I don't recognize anybody in these shots (above); presumably, they're the mucky-mucks from Metropolitan Toronto in general and the Township of North York in the mid-1960s (which went on to be a borough, then a city, and then ceased to exist altogether when Toronto annexed all of Metro in 1998); no doubt one of them is North York Reeve Norman Goodhead (doesn't that sound like the name of a Bond villain?). I had hoped to spot John Robarts, Ontario's premier at the time, in the crowd, but I don't. Robarts was one of the "Red" (socially progressive) Tories who ran Ontario from 1943-1985, the last being his successor, Bill Davis (two of a mere handful of Tories here in Canada I particularly admire). He was kind of a tragic figure, mingled with greatness: he lost an adopted son to suicide in the 1970s and, after a series of debilitating strokes, committed suicide himself in 1982. As I understand it, he did it in the shower, so as to minimize the inconvenience to those who would have to deal with his body.

I notice an interesting detail on the fourth shot: the flag officiating over the whole thing is the Union Jack. This kind of thing was still very common in Ontario only 45 years ago, though it was rapidly coming to a close. Technically speaking, in 1964, neither Canada nor Ontario actually had an official flag of its own. Canada was using the British Red Ensign defaced with the shield from the federal coat of arms. Ontario was using, well, the Union Jack. Within less than a year after the taking of these shots, the Flag Debate had paralyzed Parliament for months, a design was settled upon, and Canada's maple leaf flag went up the pole officially Feb. 15, 1965. Within months, loyal, blue Ontario seized upon Canada's discarded Red Ensign, stuck the province's arms shield on it in place of Canada's, and voila, created the flag the province still uses today.

Unfortunately, so did Manitoba.

But I digress. And how! Getting back to the bridge... here are some shots of the location today.

First a comparison of the 1962 aerial view, with a 1954 insert and location indicators, with the view from 2009.

And here's the modern bridge today, seen from approximately the same location as the 1920 shot at the top that started it all: south of the bridge, on the east side. The West Don is in the trees on the right, skirting the very edge of the east valley. The big building in the 1960s shots would have been visible through the gap on the left if it still stood.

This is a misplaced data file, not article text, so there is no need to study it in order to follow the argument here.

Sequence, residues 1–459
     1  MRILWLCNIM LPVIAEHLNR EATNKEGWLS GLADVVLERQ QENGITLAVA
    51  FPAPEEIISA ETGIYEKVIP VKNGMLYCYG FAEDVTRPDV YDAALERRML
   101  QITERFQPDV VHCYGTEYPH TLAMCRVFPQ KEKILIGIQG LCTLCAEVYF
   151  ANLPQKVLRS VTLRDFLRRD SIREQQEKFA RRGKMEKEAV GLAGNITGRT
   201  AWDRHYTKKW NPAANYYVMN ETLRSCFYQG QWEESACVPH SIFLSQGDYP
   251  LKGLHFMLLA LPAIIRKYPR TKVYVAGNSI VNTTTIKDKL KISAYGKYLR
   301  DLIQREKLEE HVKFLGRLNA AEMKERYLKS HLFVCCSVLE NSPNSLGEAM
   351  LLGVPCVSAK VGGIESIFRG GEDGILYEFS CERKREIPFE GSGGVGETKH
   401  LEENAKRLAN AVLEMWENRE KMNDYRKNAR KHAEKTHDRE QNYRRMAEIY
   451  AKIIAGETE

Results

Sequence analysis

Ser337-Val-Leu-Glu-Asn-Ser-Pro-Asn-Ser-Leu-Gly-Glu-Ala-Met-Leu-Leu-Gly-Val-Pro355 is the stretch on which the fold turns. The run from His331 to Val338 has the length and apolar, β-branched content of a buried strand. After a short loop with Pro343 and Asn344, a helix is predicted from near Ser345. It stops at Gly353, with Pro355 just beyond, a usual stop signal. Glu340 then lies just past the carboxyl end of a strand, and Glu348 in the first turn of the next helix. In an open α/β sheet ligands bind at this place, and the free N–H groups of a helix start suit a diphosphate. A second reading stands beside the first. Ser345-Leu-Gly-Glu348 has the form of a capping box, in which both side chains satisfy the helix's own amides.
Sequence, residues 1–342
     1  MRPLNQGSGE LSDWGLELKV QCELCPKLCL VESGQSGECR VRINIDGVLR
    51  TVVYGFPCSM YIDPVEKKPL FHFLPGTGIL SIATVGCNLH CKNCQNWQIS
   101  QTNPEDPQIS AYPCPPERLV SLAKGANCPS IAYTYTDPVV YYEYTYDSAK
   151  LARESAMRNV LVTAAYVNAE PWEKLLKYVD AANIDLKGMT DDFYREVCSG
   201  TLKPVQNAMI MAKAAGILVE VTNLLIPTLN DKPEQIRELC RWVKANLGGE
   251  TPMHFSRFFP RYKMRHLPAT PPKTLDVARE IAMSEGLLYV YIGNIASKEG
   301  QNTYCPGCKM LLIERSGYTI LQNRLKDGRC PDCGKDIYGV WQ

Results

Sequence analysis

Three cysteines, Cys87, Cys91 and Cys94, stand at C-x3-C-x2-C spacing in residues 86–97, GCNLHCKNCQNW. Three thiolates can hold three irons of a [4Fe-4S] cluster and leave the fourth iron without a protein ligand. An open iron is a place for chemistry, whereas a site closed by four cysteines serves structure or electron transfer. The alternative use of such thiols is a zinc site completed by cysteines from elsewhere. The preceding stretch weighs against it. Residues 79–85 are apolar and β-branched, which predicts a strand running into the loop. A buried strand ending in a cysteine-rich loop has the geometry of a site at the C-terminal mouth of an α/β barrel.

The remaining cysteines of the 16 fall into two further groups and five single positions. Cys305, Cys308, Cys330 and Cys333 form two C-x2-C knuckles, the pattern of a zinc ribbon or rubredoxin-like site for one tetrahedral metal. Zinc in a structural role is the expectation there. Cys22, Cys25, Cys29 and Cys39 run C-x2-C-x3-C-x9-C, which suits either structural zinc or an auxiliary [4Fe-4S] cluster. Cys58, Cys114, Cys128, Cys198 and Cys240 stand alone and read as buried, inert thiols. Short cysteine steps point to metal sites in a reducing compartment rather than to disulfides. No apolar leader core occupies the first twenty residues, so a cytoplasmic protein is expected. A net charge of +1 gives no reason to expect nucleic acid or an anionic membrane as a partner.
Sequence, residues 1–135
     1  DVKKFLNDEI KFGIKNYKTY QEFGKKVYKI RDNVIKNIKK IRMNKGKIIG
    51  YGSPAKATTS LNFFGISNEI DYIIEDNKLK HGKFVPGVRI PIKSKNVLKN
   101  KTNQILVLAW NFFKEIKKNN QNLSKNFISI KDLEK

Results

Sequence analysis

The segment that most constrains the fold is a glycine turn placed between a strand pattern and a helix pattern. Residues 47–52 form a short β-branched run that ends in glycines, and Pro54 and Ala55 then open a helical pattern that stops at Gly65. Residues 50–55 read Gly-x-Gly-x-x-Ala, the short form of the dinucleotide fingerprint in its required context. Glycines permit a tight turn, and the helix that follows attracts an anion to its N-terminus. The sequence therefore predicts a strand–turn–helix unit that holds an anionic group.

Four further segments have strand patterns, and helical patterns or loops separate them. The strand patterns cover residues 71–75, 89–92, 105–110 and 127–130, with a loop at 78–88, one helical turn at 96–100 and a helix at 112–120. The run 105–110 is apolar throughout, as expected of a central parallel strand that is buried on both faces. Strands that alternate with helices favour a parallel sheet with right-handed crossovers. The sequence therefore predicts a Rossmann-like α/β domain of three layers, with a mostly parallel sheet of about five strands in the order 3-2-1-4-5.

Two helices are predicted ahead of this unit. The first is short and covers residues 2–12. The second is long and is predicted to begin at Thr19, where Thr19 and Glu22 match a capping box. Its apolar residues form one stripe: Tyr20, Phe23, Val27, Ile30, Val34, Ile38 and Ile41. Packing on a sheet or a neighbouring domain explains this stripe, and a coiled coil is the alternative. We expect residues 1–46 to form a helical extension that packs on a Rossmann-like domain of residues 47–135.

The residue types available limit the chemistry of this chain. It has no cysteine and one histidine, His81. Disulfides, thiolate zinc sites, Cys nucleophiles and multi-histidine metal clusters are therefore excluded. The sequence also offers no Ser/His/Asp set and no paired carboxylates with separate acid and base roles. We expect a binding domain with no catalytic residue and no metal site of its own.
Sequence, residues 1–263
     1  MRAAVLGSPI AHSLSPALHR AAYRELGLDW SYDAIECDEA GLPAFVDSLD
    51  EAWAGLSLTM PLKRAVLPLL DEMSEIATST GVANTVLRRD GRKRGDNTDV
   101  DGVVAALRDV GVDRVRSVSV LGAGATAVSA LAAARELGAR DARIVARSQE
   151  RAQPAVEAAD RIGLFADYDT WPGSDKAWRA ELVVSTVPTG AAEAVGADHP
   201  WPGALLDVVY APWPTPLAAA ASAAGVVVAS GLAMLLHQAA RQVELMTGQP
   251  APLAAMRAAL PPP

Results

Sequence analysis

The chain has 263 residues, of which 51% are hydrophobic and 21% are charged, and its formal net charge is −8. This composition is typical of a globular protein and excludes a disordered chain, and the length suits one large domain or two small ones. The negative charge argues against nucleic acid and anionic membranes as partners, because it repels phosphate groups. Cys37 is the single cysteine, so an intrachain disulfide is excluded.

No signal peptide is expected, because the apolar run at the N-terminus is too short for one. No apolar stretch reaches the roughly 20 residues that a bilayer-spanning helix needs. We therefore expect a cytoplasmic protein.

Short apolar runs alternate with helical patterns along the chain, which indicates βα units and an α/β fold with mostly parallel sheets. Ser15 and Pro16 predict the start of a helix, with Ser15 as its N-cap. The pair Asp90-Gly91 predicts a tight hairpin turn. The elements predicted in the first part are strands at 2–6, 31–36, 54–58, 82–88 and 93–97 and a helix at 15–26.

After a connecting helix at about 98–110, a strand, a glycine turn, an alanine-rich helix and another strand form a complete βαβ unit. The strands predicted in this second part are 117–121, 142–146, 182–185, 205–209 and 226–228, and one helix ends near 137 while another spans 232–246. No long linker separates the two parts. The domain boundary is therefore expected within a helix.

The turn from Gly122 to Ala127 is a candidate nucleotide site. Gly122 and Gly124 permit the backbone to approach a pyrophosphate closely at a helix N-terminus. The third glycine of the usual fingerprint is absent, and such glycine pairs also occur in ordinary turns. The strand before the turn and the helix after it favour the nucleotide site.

Here's the bridge from the north side, and the road that comes down from the heights to serve Don River Blvd., with its bridge on the right. Notice that the bow arch bridge has been replaced by something rather more ordinary, sadly. The view looks west towards Bathurst Street.

 And just for good measure, here are a couple of shots of Don River Boulevard's bridge over the concrete-tamed gully of the West Don, as well as its obligatory plaque. Good hunting! :)



LFieldhouse said...

The comments under some of the ribbon cutting ceremony says that you can bet one of the people in the pictures will be Norman Goodhead. He was! In the one photo of two men cutting the ribbon, he was one of them. He is on the left. He is my grandfather!

Lone Primate said...

Hey, that's entirely cool! Thanks for letting me know, I love that. :) Any idea who any of the rest of them are, by chance? :)

Gerry Jorens said...

Nice old photos... I used to live in the first house on the south side of Sheppard east of Bathurst when I was in kindygarten circa 1959. We had some big old chestnut trees out back to make konkers with and would ski and toboggan on the hill down towards the river in the winter. There was a farm across the road, and the TTC used to turn around at Sheppard and head back south dropping my dad off from work.

wyrman said...

I remember mounting street lights on wooden poles approaching the bridge. I had to use a brace and bit to drill through the pole and it got jammed by a knot. I redrilled a hole with a new bit in the brace and left the jammed bit sticking out of the pole. For years after that I would drive by and look at the bit.

Lone Primate said...

Hi, wyrman, wow... you know, it never occurred to me this would ever be read by anyone actually connected with the work I was talking about. :) Is the bit still there, do you know? That would be something to look for.